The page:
Elements of capacity building
Two American authors (Light and Hubbard) argue that there are four key elements that shape the ultimate success of a capacity building project:
- The desired outcome or goal of the capacity building activity
- The change strategy selected to realise that goal
- The champions guiding the effort
- The time, energy and money invested in the process.
The first key to thinking about how to approach capacity building is to recognise that these four elements are all inter-related. Although the desired outcome should determine the change strategy, which informs who should champion the effort and how much time and money it requires, in practice all four are in a dynamic relationship. The resources available will affect the choice of outcome and the champion may influence the chosen change strategy.
The desired outcomes
The desired outcomes of capacity building projects in this research fell into four categories:
- Internal management systems such as the strategic planning process, financial management systems, information systems and performance management processes
- External relationships such as collaborations with other organisations, fundraising, volunteer recruitment, changes in demand for a service, clarification of the mission and improved marketing
- Leadership such as top management and board skills, the clarity of responsibilities and the ability of the chief executive
- Internal structures including management and governance structures, delegation, access to technology and diversity amongst staff.
The second of the four key elements of capacity building was the change strategy.
The approach organisations take to capacity building was seen as critical to its overall success. ‘Discerning what kind of change strategy is likely to be most effective at any given time is a crucial skill for both nonprofit leaders and capacity building funders alike’.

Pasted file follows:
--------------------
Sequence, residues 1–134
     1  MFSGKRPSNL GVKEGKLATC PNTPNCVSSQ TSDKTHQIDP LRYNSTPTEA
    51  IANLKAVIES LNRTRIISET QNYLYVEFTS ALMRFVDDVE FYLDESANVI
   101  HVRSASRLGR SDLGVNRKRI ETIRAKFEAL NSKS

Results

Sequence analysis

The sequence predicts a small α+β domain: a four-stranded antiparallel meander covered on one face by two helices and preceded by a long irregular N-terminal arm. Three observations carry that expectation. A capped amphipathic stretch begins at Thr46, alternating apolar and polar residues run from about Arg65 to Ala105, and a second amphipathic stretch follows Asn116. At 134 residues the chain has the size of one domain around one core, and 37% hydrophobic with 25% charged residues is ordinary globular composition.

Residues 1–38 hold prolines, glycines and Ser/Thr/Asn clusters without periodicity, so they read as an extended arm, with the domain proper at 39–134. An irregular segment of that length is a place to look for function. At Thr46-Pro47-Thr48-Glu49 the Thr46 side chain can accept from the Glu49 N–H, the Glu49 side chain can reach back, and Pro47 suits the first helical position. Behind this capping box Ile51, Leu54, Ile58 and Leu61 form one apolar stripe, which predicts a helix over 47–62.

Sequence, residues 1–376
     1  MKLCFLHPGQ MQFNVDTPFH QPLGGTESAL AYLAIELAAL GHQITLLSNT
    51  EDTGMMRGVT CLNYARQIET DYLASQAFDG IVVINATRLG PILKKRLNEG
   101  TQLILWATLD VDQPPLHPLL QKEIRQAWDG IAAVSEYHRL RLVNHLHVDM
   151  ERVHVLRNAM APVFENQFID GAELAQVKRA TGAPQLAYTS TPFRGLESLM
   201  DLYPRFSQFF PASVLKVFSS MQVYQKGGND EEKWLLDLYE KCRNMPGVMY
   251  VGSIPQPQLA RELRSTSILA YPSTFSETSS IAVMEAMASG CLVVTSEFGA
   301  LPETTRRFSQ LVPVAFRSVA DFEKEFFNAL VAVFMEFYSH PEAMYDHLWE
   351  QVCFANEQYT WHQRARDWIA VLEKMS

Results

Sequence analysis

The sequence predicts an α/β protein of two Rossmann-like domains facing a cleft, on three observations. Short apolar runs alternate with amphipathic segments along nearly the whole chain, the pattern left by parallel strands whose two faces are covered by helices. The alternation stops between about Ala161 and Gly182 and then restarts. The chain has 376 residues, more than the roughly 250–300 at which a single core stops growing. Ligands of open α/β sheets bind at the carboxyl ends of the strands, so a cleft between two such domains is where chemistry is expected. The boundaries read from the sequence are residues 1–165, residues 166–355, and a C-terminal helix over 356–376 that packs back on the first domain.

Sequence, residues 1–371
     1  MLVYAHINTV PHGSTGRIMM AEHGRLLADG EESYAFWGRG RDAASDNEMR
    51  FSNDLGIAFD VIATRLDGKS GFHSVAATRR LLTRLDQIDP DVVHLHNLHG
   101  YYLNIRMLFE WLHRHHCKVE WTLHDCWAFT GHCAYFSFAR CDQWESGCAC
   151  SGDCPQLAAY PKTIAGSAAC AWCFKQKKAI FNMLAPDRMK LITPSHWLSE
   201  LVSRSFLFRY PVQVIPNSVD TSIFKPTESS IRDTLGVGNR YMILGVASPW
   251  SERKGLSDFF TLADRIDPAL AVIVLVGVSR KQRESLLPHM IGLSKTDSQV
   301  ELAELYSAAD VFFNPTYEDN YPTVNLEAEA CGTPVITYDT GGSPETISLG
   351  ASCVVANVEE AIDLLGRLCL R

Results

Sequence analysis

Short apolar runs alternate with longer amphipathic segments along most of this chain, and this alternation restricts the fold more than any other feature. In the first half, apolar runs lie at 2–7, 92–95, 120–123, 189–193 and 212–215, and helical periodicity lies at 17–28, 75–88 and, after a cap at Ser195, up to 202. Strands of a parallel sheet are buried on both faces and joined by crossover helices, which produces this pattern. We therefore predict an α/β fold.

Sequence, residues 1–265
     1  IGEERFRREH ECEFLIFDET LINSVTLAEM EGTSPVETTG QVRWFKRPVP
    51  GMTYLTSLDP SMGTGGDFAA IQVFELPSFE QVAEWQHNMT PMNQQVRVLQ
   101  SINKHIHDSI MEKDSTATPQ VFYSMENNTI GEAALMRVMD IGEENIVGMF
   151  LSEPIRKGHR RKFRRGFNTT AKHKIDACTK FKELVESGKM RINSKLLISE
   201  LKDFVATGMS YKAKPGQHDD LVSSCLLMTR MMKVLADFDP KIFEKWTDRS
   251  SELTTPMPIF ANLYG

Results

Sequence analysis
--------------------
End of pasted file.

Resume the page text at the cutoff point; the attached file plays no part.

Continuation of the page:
However, there is no straightforward methodology for moving from the analysis of the problem to the creation of an appropriate change strategy. Heterogeneity is a defining characteristic of the nonprofit sector, so it is hardly surprising to discover that it is difficult to generalise about effective intervention points and capacity building strategies.
The temptation is to conclude from any analysis of capacity that many components require attention and to attempt to address them all. However, organisations have limited capacity to build capacity. The constraints are usually a combination of senior management time and money. So the leadership has to make tough choices about the amount of capacity building that the organisation can sustain and how to allocate these critical capacity building resources.
Managers acknowledge that sustainable development usually requires continuous effort over a period of time to change people’s habits and behaviour and to create new ways of working. There is an ever-present danger of putting insufficient effort into building each component of capacity. Effort spread too thinly over too many fronts, may result in none being advanced in a significant and sustainable way.
The third key element of a capacity building programme is the need for a champion. One or more people have to have the capacity building initiative at the top of their agenda, be planning the overall approach, driving the implementation timetable and promoting it to everyone affected.
One of the reasons why capacity building fails is the lack of a champion who has the skills, time and resources to make a success of the initiative. All capacity building initiatives ultimately have to become embedded into the organisation‘s culture – its way of doing things – and this requires the sustained effort and dedication that is best provided by a champion .
The fourth key element is resources. According to the Brooking‘s Institution Nonprofit Effectiveness Project around one third is supported by external funding, one third from organisation‘s own resources and one third used a combination of both.
Research into a sample of funders that have capacity building programmes shows that ‘high’ resources funders spent an average of just under $200,000 per organisation and ‘low’ resource funders spent an average of $27,500 per organisation.
One of the consequences of larger and longer term capacity building funding is that funders tend to be in regular contact with recipients – often talking on a weekly basis. This provides external pressure to maintain the momentum of the initiative and an on-going source of advice and support.
Based on Paul Light and Elizabeth Hubbard, The Capacity Building Challenge, Washington, Brookings Institution, 2002.